My husband had warned me that this was more of an interview for the parents to show, despite being born anglophones,  that we could in fact support the children in the French program and help them in homework at home in all subjects that would be taught entirely in French. There would be no English instruction until Grade 4.  My original plan was that my husband who had recently completed and passed the French language training and bilingual requirements for his rank, would do most of the talking in French and I would just smile and nod. This is the reason I elected to complete this whole discussion up to this point in English.

Before Maggie and AJ get too restless, they offer colouring books and magnetic playsets while we keep talking. They hand me a stack of forms to fill out as we keep talking about the children and their present schooling and exposure to French; they ask about how much French I know and how well I speak it. I slowly switch into French and I am moderately surprised that I am alright to converse; something I learned in Grade 4 until high school is coming back to life.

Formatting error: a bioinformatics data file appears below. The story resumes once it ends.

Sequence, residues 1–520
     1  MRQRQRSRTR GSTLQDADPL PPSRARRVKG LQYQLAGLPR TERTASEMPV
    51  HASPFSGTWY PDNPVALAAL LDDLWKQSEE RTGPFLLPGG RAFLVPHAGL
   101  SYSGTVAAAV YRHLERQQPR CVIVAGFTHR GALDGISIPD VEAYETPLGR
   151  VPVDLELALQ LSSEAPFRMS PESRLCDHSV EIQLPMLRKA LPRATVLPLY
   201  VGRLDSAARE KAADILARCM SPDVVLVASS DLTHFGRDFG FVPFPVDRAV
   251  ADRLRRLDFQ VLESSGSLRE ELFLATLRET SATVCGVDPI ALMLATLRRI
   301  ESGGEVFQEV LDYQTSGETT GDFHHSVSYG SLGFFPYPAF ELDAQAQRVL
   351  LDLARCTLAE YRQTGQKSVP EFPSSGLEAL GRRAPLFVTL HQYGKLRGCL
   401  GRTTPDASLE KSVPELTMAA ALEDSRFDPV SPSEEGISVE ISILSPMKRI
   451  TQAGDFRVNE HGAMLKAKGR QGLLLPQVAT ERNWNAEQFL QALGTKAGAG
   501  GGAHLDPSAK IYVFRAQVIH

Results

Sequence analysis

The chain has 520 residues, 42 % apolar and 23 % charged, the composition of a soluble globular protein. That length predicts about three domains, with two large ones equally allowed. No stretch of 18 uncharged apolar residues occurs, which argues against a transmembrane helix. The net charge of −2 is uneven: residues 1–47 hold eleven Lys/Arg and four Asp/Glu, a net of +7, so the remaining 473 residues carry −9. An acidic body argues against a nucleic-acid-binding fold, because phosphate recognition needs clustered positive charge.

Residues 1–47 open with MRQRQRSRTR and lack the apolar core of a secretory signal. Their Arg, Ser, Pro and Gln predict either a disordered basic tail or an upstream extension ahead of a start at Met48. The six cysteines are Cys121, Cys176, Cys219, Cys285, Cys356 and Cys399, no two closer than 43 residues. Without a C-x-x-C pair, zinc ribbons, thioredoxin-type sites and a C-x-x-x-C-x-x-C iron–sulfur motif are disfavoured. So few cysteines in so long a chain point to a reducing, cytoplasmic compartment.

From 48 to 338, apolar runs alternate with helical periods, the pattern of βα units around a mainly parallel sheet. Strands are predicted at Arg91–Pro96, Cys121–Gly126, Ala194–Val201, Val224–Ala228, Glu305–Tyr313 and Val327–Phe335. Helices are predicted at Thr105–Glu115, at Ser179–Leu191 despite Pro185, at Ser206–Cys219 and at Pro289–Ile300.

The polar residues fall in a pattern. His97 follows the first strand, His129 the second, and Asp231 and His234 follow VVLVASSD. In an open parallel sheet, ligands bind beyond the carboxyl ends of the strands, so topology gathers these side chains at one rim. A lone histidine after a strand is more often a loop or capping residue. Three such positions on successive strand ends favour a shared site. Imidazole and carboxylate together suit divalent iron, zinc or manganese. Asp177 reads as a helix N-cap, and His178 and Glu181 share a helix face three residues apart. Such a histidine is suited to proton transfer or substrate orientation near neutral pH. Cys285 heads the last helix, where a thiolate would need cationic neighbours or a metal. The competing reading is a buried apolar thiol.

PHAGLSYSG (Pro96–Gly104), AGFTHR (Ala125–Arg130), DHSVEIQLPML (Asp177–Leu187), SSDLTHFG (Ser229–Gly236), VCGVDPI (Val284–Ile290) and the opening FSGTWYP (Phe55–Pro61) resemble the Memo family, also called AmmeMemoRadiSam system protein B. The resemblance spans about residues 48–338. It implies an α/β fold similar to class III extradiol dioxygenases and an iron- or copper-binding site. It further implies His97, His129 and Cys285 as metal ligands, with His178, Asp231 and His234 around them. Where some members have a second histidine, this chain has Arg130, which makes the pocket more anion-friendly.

However when they ask Maggie to demonstrate her handwriting and artistic capability to "draw something" and she becomes withdrawn and shy, almost to tears. I have to remain calm and I ask AJ to write his name and draw something but he decides to mutiny as well!  The Principal said that they only wanted to verify that the three point pencil grip and have a sense of their fine motor control in writing.  I am shocked because my kids have done lots of handwritten notes to me (To Mom From MAGGIE xoxox) and as part of their Kumon homework they are writing numbers 1 to 70. This time I am adequately prepared with their Monart class Portfolio and their Kumon homework!

Bonus points for Mom!